Perhaps the most exciting and useful modes are Target Smash and Home Run. The first is basically Angry Birds meets Smash Bros, as you batter a bomb then deliver a smash to send it flying towards a collapsible structure. The more damage you do, the higher your score. Home Run, meanwhile, sees you smash four shades of stuffing out of a sandbag before smashing it as far as possible. These are just the kind of fun, addictive bonus game that Nintendo does so well, but they also have a genuine purpose; acclimating newbie players to the mechanics of smashing, and giving more experienced players practice to help them get it right. It’s just a shame there’s no tutorial to be found.

Even the online play turns out to be solid. You can choose to fight ‘for glory’ or ‘for fun’, and the game does a fine job of matchmaking you with other players, with a nice practice area to warm up in while everyone messes around with character choices and all devices sync. Some matches are laggy, but the majority seem pretty smooth, and while some players are clearly better than others, Smash Bros. just isn’t the kind of game where a single player dominates.

Super Smash Bros. 3DS

In short, there’s a lot to enjoy here, and Nintendo has done a fine job of bringing the feel of Smash Bros to the 3DS. Why, then, don’t we like it more than we do?

Partly it’s a question of hardware. Smash Bros. is a game where a lot of small figures do a lot of jumping and smacking from a zoomed-out vantage point, and despite Nintendo’s best efforts – a zooming camera, cell-shaded outlines for the characters – it’s very hard to see what’s going on. We were playing on a 3DS XL and we found it a struggle. Goodness knows how anyone will cope on the smaller 3DS or 2DS screens. And while the 3D effect helps separate things out, there’s only so much it can do.

See also: Best TVs 2014
Super Smash Bros. 3DS

More importantly, it’s a question of why we play Smash Bros. It’s a game best enjoyed on a big TV with people you know well; that’s where the humour, the rivalries, the mindless vendettas, the sudden fluked victories and last-minute scrambles kick in. Playing it against CPU players or strangers online is fun, but not as much fun as the real deal. Of course, you can play Super Smash Bros. 3DS online against friends, but it’s the difference between having a conversation on the phone and chatting in person. It’s alright, but still not quite the same.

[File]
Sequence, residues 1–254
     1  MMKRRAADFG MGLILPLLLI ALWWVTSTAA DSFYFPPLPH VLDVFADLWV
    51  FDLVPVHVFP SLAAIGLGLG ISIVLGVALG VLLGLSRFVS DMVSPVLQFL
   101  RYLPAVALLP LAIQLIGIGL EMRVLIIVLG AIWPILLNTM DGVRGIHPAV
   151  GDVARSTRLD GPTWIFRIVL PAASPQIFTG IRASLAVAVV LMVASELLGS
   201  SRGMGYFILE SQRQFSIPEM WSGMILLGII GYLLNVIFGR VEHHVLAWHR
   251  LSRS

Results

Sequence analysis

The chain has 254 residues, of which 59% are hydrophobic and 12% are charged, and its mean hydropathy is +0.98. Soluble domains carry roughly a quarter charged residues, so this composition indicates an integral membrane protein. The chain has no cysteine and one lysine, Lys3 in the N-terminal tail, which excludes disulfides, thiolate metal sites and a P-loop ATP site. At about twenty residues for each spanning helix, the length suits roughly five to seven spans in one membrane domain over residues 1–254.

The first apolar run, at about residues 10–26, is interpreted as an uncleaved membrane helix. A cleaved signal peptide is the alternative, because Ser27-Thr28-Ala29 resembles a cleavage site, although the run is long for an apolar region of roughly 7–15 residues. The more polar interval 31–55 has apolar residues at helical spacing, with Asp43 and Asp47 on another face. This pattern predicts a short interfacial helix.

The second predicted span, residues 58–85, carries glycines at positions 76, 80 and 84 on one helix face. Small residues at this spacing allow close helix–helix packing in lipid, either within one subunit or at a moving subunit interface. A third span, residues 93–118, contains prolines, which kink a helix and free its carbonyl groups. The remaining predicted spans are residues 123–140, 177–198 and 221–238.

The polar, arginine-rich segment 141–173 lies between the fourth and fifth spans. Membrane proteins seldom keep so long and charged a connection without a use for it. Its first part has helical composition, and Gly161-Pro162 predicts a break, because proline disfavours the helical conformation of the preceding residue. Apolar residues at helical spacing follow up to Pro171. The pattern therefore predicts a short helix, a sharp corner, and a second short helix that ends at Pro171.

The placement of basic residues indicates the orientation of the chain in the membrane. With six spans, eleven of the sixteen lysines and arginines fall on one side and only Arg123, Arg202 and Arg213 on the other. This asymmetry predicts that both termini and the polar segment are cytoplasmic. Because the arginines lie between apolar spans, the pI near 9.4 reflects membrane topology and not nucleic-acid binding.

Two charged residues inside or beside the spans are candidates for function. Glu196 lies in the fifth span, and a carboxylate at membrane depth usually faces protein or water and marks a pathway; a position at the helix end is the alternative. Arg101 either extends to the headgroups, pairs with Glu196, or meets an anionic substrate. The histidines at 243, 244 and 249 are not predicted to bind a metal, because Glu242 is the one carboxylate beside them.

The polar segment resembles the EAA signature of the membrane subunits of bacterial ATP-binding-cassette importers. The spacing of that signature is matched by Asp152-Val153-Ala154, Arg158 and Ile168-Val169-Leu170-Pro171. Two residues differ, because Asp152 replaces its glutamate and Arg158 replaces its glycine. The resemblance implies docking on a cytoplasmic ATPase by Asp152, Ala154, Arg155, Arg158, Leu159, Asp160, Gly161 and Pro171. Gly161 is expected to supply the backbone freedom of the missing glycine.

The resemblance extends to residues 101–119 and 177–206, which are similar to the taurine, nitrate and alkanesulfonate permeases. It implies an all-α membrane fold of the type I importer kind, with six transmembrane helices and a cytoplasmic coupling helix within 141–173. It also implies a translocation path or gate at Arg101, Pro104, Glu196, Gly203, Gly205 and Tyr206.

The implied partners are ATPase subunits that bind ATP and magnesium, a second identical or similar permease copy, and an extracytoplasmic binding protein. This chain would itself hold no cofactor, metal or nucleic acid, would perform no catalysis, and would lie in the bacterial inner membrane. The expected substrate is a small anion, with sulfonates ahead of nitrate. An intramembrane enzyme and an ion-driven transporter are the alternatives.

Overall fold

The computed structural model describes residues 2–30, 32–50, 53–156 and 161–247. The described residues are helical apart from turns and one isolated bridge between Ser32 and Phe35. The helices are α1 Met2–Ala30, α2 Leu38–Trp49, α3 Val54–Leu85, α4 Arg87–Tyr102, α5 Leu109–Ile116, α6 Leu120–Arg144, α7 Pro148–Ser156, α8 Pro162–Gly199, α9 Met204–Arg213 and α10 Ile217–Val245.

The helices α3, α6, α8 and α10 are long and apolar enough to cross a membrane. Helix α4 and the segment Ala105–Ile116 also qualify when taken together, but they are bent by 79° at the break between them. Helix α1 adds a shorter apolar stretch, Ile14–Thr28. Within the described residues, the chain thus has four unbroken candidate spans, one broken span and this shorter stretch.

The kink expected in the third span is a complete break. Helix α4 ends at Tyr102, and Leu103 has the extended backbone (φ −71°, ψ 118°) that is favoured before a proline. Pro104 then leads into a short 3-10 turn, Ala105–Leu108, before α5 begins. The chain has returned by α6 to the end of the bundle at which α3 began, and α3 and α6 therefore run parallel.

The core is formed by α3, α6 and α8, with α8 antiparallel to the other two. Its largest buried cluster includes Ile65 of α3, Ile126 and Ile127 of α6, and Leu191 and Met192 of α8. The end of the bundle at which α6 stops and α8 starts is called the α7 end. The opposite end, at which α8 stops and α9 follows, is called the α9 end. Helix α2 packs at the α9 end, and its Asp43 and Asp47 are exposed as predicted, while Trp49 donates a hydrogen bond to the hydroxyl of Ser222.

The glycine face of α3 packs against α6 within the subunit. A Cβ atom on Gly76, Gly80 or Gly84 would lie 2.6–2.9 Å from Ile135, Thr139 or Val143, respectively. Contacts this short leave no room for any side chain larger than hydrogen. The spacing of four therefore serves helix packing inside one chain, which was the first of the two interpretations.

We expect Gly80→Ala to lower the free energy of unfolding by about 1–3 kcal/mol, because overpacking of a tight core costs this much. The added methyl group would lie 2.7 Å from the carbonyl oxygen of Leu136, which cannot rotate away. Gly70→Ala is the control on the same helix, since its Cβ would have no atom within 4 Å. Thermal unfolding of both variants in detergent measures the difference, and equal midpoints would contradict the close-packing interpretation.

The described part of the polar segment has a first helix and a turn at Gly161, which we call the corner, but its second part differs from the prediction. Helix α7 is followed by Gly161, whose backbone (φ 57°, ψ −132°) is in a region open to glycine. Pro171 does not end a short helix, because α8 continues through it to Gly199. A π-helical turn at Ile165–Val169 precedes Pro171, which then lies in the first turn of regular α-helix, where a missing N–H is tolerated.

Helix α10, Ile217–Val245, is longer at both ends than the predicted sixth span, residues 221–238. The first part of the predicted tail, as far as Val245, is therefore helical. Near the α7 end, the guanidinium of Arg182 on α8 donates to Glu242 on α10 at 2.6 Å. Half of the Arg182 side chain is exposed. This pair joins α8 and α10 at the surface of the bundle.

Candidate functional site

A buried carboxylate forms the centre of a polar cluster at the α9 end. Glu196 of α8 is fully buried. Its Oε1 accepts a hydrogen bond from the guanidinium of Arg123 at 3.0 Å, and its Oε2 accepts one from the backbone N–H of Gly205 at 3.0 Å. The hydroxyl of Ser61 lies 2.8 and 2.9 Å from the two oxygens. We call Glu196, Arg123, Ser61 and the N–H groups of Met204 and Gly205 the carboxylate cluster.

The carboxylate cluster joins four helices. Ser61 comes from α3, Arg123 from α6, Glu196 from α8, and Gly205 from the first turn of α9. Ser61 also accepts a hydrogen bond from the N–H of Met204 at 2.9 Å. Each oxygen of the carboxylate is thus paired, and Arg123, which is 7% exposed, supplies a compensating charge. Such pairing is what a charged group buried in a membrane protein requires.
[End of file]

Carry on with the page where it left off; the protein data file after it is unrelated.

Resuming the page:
The best case scenario is local multiplayer, giving you a great way to practice Super Smash Bros. when you’re on your tod, and a fine way to fight when you’re with like-minded individuals. If that’s open to you, feel free to add a point to the score and buy in confidence. The same goes if you already love Super Smash Bros., or if you’re the kind of hardcore Nintendo fan who wants everything it does. The rest of us, however? For all its charm, nostalgia and endless generosity, it’s a solid 3DS game rather than a great one. Try the demo and give it a spin for yourself, but our feeling is that if you want to play Super Smash Bros, you’re better off waiting for the Wii U version to roll around.

With a fantastic roster of characters, strong graphics and gameplay and a grab-bag of bonus modes, this is as good a Smash Bros. as you could hope for on the 3DS. All the same, you’re left wondering if this combination of game and platform is a good enough fit. Play it with friends online or through local co-op and you’re guaranteed to have a good time, but this 3DS version can’t reach the heights of console Smash Bros, even when it bends over backwards to try.

Read more: Xbox One vs PS4

Trusted Score

rating-star rating-star rating-star rating-star rating-star

Why trust our journalism?

Founded in 2003, Trusted Reviews exists to give our readers thorough, unbiased and independent advice on what to buy.

Today, we have millions of users a month from around the world, and assess more than 1,000 products a year.

author icon

Editorial independence

Editorial independence means being able to give an unbiased verdict about a product or company, with the avoidance of conflicts of interest. To ensure this is possible, every member of the editorial staff follows a clear code of conduct.

author icon

Professional conduct

We also expect our journalists to follow clear ethical standards in their work. Our staff members must strive for honesty and accuracy in everything they do. We follow the IPSO Editors’ code of practice to underpin these standards.